M.S. 101 walks in merchants’ shoes

Throggs Neck Merchant Association president John Cerini leads a group of student from M.S. 101 around to different businesses on E. Tremont Avenue (above) during the Merchant Walk on Thursday, January 8. The students were studying how advertising works. Photo by Victor Chu

Students in an enrichment program at M.S. 101 at 2750 Lafayette Avenue participated in a Merchants Walk, helping them to learn how advertising can help local businesses succeed.

The students who are part of the School Enrichment Model at M.S. 101 are working on a project creating advertising campaigns, learning about working in that field by seeing if they can come up with ads to sell products.

The group toured businesses along E. Tremont Avenue with Throggs Neck Merchants Association president John Cerini of Capital Shield Agency at 3707 E. Tremont Avenue, who spoke to them about how different forms of advertising work, on Thursday, January 8.

“The students selected this particular project – it is something that they wanted to do,” said teacher Verona Williams, who accompanied the group of approximately 10 students. “They looked at magazines and books to see what makes a good ad – color, having pictures, and a catchy caption.”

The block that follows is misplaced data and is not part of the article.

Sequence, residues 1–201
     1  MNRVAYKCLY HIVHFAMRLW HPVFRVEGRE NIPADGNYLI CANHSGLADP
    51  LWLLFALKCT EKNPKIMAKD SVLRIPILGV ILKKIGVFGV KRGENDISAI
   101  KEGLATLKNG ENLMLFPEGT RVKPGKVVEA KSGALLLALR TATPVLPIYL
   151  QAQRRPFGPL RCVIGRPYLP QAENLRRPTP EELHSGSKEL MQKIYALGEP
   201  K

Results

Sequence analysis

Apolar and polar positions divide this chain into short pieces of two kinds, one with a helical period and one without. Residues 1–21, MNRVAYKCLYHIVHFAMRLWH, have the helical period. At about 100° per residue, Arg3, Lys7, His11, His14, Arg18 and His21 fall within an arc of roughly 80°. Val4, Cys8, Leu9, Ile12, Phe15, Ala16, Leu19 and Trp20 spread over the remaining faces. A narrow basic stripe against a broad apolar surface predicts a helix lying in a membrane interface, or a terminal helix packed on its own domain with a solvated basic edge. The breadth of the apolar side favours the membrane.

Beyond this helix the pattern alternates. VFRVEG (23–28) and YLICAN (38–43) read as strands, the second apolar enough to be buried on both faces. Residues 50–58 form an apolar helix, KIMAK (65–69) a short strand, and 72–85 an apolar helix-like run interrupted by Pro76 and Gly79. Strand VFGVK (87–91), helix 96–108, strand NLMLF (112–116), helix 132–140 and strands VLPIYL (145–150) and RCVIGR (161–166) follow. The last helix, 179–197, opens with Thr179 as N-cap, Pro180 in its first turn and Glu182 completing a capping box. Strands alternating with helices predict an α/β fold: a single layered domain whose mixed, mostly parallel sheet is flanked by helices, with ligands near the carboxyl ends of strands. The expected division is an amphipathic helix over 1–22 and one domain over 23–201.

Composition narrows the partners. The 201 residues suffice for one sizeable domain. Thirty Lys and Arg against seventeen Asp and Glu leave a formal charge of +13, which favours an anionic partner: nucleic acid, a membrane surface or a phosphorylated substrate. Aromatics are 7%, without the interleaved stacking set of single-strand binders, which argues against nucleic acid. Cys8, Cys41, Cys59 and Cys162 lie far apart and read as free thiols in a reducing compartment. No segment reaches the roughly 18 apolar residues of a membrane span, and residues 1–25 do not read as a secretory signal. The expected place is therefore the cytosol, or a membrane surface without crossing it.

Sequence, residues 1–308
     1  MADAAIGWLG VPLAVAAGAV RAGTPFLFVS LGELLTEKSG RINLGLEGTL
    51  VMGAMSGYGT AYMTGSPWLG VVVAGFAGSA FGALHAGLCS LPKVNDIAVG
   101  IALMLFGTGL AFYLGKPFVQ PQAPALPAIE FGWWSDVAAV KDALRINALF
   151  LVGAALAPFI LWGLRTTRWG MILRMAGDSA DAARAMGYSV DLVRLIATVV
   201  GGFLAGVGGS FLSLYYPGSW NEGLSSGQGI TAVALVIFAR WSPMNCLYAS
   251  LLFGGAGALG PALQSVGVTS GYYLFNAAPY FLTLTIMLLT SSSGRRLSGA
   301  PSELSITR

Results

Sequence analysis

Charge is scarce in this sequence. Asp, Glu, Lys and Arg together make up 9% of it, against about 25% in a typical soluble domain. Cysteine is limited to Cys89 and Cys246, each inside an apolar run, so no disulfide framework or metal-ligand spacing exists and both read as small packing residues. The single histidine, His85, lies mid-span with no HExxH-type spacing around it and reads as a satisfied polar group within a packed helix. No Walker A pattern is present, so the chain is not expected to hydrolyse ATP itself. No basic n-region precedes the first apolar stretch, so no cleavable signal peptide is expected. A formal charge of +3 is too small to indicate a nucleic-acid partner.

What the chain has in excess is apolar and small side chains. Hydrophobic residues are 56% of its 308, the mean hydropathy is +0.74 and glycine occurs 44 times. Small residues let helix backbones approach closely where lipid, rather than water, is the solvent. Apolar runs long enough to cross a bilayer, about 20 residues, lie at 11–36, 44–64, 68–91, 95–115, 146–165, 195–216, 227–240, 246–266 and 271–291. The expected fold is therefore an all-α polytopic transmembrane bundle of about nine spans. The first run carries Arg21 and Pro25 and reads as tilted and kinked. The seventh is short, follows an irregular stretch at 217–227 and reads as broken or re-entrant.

At TD Bank at 3755 E. Tremont Avenue, students were shown the TD log; at ReMax Voyage Realty at 3867 E. Tremont Avenue, they learned the value of writing sales copy and TNMA secretary Tommy Melendez of Copy That!, at 3515 E. Tremont Avenue, students created ads.

Students received free backpacks at TN’s Amalgamated Bank, where they met branch manager Andrea Moore.

Cerini, who lead the tour, told the students about many different forms of advertising are all around them – signs on businesses, storefront displays, business cards, items like pens and water bottles with contact information, and word of mouth.

“I am the type of person who likes to put my picture on ads because I think if they see me they are more likely to want to purchase insurance or tax services,” Cerini said to the students. “Everything that I have in my office that I give away, like pens and key chains, has my name on it.”

Cerini also told students that in many cases, word of mouth is very important as businesses – and people – are often judged on the reputations they come to have.

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